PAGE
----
Fortunately, the relationship between dogs and their Jews improved, if too late for poor Kumer. An essay by Zalashik in “A Jew’s Best Friend?” posits as a path-breaking moment in Jewish-canine relations the 1969 publication of “Azit the Canine Paratrooper” by Lieutenant General Mordechai Gur, former chief of staff of the IDF.

Azit was a female German shepherd who later inspired a board game, a play and a film with her courage, which Gur describes as much superior to that of the Hollywood film star Lassie. After all, Lassie met “good and bad people,” but Azit had “the terrorists and the Jordanian army chasing after her!”

Azit surrounded by enemies was a metaphor for Israel’s geographic position in the Middle East. Although Gur did not specify any such intention, to choose a German shepherd dog as protagonist was significant at a time when “for Israelis, German shepherds would have called to mind images of the Nazis and the Holocaust … Gur’s choice of the German shepherd may have been designed to turn the German shepherd from a Nazi dog into an Israeli dog.”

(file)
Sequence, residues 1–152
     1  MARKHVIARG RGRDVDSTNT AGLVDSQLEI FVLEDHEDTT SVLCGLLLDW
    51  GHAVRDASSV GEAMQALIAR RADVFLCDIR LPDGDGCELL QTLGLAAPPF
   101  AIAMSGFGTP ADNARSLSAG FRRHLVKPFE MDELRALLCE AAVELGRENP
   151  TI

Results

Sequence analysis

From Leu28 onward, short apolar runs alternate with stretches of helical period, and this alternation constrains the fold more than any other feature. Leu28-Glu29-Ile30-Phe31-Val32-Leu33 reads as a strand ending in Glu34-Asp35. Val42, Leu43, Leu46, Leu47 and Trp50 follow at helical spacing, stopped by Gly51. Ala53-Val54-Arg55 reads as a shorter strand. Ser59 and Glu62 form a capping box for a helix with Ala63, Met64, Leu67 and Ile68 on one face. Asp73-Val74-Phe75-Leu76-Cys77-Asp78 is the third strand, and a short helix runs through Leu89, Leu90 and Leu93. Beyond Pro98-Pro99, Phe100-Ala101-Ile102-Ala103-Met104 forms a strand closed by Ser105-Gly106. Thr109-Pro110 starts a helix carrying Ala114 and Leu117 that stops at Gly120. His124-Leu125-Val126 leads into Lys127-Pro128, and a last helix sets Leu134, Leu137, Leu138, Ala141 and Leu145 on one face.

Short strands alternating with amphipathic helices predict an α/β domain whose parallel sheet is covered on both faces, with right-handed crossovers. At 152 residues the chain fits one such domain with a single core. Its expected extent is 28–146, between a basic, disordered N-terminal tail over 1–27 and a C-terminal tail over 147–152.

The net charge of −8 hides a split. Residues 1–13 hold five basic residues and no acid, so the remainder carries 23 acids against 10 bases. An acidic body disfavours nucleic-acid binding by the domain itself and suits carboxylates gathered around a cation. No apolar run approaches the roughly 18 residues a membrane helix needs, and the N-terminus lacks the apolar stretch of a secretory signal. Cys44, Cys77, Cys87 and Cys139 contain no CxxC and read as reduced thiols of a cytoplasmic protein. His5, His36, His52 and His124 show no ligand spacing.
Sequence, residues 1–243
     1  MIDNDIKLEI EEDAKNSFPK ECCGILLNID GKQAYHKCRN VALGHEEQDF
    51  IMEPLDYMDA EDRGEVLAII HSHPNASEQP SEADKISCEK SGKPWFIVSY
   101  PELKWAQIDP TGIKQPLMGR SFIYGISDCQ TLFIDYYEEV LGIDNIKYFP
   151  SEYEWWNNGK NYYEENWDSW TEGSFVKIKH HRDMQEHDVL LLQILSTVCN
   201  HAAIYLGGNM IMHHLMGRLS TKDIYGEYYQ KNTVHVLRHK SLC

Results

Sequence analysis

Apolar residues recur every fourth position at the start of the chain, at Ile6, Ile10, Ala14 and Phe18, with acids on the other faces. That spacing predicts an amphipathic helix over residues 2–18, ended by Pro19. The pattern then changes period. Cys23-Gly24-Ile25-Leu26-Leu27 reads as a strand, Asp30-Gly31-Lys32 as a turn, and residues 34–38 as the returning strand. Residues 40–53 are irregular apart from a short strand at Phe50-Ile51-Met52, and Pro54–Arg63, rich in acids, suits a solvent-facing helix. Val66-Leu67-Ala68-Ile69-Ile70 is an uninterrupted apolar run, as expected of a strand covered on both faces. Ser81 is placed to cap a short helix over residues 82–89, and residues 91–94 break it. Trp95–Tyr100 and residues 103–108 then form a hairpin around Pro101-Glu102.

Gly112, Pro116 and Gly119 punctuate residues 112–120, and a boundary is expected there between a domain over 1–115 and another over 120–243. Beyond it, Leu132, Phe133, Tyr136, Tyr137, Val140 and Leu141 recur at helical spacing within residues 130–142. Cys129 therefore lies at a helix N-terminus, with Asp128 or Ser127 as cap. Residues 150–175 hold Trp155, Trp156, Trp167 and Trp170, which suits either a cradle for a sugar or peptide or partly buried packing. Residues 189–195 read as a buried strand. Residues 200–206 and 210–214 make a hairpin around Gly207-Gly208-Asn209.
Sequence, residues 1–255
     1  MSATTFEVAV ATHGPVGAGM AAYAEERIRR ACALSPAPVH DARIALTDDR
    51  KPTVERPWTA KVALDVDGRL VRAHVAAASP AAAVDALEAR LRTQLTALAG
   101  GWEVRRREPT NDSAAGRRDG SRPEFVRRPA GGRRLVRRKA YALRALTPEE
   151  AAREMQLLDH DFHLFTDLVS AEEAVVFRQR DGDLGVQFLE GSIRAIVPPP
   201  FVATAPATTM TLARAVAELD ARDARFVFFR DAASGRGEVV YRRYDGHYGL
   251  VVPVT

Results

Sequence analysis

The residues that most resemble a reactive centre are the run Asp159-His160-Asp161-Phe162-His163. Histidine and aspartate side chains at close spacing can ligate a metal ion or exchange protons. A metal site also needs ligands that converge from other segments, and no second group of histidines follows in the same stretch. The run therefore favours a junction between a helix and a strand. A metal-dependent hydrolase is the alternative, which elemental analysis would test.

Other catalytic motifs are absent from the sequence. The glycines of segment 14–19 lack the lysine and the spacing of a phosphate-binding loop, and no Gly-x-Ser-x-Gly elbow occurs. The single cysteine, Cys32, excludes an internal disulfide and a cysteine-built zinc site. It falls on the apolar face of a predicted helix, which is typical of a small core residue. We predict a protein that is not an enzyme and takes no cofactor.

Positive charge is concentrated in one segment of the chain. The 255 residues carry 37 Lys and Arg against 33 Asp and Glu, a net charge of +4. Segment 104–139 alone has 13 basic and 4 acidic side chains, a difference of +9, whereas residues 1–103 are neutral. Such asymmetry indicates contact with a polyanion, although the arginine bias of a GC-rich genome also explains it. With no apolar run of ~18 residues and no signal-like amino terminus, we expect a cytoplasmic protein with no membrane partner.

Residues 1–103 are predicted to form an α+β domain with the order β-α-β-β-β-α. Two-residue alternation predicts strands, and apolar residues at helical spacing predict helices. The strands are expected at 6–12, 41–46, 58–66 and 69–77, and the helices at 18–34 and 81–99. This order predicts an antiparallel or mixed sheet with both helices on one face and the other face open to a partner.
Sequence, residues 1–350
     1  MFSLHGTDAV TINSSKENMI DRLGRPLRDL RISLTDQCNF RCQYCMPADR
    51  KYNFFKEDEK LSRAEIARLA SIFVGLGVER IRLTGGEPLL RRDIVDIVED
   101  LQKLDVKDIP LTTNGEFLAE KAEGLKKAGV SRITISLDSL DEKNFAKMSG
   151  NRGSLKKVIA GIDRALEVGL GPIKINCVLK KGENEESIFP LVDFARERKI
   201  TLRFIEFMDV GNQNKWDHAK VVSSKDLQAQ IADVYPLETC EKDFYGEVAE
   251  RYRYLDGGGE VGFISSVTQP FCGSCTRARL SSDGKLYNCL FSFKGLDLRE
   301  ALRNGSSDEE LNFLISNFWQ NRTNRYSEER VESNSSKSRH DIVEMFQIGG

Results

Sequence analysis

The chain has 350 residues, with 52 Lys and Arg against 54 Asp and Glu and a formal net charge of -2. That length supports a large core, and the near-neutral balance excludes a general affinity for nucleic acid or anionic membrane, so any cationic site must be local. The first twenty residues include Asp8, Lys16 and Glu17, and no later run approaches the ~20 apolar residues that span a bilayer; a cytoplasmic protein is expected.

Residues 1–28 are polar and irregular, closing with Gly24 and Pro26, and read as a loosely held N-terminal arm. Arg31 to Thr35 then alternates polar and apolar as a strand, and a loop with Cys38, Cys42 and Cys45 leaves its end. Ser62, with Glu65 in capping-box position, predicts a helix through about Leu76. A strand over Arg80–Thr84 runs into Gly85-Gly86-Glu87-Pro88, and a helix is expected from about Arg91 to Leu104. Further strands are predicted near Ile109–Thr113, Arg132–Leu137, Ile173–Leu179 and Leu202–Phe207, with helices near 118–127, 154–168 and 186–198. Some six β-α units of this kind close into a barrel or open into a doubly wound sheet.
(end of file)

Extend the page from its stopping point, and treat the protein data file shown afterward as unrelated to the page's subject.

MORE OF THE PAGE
By co-opting the canine image and transforming it, Gur achieved what had taken centuries of Jewish history to do: changed Jews’ image of dogs from feared enemies to admired friends.

Benjamin Ivry is a frequent contributor to the Forward


The Jewish Daily Forward welcomes reader comments in order to promote thoughtful discussion on issues of importance to the Jewish community. In the interest of maintaining a civil forum, The Jewish Daily Forwardrequires that all commenters be appropriately respectful toward our writers, other commenters and the subjects of the articles. Vigorous debate and reasoned critique are welcome; name-calling and personal invective are not. While we generally do not seek to edit or actively moderate comments, our spam filter prevents most links and certain key words from being posted and The Jewish Daily Forward reserves the right to remove comments for any reason.





Find us on Facebook!
  • Happy birthday to the Boy Who Lived! July 31 marks the day that Harry Potter — and his creator, J.K. Rowling — first entered the world. Harry is a loyal Gryffindorian, a matchless wizard, a native Parseltongue speaker, and…a Jew?